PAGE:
Teachers should not expect miraculous results from children learning English
as a second language (ESL) in the classroom. At the very least, they should
anticipate that learning a second language is as difficult for a child as it is
for an adult. It may be even more difficult, since young children do not have
access to the memory techniques and other strategies that more experienced
learners use in acquiring vocabulary and in learning grammatical rules.
Nor should it be assumed that children have fewer inhibitions than adults
when they make mistakes in an L2. Children are more likely to be shy and
embarrassed around peers than are adults. Children from some cultural
backgrounds are extremely anxious when singled out to perform in a language they
are in the process of learning. Teachers should not assume that, because
children supposedly learn second languages quickly, such discomfort will readily
MYTH 2: THE YOUNGER THE CHILD, THE MORE SKILLED IN ACQUIRING AN L2
Some researchers argue that the earlier children begin to learn a second
language, the better (e.g., Krashen, Long, & Scarcella, 1979). However,
research does not support this conclusion in school settings. For example, a
study of British children learning French in a school context concluded that,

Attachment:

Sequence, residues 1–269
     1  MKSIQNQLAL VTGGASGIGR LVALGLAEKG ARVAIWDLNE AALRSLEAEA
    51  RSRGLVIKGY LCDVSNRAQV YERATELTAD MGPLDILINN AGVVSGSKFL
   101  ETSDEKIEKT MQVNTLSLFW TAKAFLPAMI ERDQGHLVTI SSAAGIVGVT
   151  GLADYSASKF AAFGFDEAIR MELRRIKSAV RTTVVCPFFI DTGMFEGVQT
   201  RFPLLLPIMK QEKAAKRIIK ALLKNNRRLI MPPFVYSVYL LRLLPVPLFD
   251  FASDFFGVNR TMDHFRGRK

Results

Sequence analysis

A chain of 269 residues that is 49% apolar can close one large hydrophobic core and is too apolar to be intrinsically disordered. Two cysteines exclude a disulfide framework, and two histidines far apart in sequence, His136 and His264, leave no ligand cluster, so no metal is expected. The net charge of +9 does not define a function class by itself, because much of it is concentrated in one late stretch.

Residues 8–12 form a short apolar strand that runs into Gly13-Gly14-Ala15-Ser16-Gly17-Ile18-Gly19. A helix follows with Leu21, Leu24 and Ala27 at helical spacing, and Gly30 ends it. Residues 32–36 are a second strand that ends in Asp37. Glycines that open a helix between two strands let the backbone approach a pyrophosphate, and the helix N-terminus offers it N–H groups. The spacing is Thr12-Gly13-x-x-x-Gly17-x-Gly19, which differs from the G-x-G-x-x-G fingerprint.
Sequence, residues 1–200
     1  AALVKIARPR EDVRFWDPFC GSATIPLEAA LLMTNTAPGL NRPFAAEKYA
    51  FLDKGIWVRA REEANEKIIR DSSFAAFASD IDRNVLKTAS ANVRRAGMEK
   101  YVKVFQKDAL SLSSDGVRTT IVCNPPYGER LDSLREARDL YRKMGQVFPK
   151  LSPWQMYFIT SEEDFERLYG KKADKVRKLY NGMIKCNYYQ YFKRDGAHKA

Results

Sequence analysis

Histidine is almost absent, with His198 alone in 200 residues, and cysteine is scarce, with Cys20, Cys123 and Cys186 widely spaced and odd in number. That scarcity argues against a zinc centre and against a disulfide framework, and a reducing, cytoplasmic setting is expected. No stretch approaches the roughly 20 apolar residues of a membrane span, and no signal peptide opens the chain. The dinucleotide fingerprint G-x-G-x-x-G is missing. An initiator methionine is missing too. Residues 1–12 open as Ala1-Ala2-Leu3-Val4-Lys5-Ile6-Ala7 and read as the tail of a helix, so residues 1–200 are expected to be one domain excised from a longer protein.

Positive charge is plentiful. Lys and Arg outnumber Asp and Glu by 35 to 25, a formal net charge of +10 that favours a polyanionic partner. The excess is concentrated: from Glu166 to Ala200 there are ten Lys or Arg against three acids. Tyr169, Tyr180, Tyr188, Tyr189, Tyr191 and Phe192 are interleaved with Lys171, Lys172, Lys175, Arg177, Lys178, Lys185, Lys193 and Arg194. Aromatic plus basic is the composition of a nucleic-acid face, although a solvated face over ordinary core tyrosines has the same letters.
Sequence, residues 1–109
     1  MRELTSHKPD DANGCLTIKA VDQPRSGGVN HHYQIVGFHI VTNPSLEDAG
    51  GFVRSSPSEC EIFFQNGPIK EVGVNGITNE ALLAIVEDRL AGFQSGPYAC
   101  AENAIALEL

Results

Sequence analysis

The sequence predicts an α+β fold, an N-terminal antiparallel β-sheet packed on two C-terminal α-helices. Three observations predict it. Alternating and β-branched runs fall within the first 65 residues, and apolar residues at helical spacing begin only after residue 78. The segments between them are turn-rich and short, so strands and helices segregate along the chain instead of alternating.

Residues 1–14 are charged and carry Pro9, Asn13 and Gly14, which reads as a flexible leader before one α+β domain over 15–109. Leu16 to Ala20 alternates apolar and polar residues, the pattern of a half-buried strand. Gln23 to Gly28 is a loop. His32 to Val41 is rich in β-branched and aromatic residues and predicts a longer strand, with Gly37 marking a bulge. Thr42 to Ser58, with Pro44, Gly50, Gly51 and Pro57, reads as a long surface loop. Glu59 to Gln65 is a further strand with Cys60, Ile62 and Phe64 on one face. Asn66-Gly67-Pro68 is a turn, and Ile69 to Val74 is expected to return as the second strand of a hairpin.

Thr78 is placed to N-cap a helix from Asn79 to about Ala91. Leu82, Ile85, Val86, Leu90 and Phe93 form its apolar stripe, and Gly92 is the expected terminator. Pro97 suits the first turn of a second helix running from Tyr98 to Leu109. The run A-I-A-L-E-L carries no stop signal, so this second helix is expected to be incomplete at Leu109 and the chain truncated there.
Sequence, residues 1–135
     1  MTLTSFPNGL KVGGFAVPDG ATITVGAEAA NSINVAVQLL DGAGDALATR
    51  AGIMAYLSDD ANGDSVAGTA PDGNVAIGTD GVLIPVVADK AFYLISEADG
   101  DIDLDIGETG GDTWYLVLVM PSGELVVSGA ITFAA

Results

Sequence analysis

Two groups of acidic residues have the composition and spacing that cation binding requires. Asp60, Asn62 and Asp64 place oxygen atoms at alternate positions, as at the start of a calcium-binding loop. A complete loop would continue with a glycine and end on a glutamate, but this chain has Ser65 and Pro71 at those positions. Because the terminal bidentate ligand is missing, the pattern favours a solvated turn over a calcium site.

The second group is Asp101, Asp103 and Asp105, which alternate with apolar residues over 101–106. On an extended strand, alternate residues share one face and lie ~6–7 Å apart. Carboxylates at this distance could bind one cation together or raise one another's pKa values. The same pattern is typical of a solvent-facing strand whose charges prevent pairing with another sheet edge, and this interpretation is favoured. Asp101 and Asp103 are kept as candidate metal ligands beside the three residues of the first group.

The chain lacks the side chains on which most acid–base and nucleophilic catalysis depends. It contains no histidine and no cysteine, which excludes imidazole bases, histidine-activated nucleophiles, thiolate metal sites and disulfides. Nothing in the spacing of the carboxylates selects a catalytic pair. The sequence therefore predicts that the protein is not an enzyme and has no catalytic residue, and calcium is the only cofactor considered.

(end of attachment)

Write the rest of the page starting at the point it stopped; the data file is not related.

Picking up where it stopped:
after 5 years of exposure, older children were better L2 learners (Stern,
Burstall, & Harley, 1975). Similar results have been found in other European
studies (e.g., Florander & Jansen, 1968).
These findings may reflect the mode of language instruction used in Europe,
where emphasis has traditionally been placed on formal grammatical analysis.
Older children are more skilled in dealing with this approach and hence might do
better. However, this argument does not explain findings from studies of French
immersion programs in Canada, where little emphasis is placed on the formal
aspects of grammar. On tests of French language proficiency, Canadian
English-speaking children in late immersion programs (where the L2 is introduced
in Grade 7 or 8) have performed as well or better than children who began
immersion in kindergarten or Grade 1 (Genesee, 1987).
Pronunciation is one area where the younger-is-better assumption may have
validity. Research (e.g., Oyama, 1976) has found that the earlier a learner
begins a second language, the more native-like the accent he or she develops.
The research cited above does not suggest, however, that early exposure to an
L2 is detrimental. An early start for "foreign" language learners, for example,
makes a long sequence of instruction leading to potential communicative
proficiency possible and enables children to view second language learning and